NEW YORK – Major changes to baseball’s rulebook could be in the offing as Major League Baseball and its players association engaged in talks about rules proposals that would equate to an overhaul.
Among the proposals to be considered, per multiple reports, are a universal designated hitter — currently only American League teams employ a DH, with National League teams adapting to that lineup configuration when visiting an AL ballpark — a 20-second pitch clock and expanding rosters to 26. Not currently on the docket: banning infield shifts, a notion that became popular during the 2018 postseason.
However, the negotiation reportedly includes forcing relief pitchers to face a minimum of three batters. It is customary under present rules for managers to use a relief pitcher for one out, even if that at-bat requires just one pitch.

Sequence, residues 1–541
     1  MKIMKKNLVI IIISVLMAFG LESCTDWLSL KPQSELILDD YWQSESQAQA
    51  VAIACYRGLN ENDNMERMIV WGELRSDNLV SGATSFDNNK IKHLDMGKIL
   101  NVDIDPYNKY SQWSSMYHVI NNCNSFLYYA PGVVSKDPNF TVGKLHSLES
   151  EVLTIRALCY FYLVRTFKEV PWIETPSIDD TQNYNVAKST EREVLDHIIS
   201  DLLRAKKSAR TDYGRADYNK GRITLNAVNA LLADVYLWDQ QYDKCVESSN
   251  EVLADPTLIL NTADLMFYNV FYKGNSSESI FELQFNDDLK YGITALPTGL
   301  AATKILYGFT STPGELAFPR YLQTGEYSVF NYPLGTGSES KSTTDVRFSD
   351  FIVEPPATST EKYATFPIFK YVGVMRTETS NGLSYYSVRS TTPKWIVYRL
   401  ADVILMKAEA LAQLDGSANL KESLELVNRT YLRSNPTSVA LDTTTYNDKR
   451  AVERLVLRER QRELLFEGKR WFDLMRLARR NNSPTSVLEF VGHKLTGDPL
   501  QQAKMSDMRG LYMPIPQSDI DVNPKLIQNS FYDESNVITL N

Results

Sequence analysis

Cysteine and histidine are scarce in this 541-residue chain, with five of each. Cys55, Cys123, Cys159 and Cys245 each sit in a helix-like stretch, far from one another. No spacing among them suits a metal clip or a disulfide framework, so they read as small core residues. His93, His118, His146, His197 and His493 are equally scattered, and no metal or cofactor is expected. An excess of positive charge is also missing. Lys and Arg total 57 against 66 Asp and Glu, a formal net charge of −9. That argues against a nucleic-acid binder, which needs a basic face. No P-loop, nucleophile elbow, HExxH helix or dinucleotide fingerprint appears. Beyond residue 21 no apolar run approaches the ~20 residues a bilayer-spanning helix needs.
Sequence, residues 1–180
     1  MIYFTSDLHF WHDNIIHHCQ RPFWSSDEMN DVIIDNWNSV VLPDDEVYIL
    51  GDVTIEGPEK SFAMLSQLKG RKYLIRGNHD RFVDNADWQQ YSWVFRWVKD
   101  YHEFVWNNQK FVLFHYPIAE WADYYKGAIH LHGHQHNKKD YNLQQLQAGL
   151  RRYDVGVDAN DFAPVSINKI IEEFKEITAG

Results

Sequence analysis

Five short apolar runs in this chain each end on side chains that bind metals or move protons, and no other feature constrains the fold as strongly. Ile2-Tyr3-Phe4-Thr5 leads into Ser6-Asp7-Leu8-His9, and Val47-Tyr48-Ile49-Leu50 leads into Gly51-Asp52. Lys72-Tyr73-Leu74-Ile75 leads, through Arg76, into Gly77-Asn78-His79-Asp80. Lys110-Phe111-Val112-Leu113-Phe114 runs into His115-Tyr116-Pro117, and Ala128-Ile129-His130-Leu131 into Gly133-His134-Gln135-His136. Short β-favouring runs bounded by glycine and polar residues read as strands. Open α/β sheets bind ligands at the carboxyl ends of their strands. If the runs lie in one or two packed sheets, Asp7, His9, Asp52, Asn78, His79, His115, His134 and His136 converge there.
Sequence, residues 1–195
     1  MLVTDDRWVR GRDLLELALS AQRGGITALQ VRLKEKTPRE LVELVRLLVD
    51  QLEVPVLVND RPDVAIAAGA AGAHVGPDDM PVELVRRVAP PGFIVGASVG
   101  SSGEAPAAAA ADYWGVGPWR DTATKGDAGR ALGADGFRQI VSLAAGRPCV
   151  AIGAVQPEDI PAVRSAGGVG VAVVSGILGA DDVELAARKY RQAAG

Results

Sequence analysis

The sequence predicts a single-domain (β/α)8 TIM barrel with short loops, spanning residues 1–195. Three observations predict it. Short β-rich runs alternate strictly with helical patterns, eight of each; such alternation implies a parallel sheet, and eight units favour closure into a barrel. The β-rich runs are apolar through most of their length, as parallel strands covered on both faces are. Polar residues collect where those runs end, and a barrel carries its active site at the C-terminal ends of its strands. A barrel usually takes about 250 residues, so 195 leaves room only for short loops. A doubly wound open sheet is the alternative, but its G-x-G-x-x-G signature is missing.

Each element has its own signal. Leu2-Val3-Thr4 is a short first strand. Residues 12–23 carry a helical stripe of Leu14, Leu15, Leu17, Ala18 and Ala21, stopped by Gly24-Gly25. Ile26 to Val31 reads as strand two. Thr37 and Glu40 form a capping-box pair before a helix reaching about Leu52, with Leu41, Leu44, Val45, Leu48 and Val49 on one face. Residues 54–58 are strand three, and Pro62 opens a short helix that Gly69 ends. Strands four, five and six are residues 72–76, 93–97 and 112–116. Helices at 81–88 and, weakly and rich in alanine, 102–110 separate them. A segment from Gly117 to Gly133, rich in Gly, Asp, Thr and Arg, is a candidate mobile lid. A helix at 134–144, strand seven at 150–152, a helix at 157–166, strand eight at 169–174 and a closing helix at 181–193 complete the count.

Owners meetings are scheduled for this week and spring training begins next week.The sides currently are not scheduled to return to the table this month, with two years remaining on the collective bargaining agreement.
ESPN first reported one proposal includes a study to lower the pitching mound. Also on the list of rules under consideration is moving away from multiple trade deadlines — currently there is a non-waiver deadline in July, plus the waivers-required date a month later.Consideration also would be given to low-budget teams that are successful being granted additional draft pick compensation as incentive to keep a winning product on the field.
MLBPA also proposed granting players the incentive of additional service, permitting players to hit free agency earlier. The proposal is viewed as a countermeasure to what the union argues is manipulation of service time to keep top prospects under team control.
–Field Level Media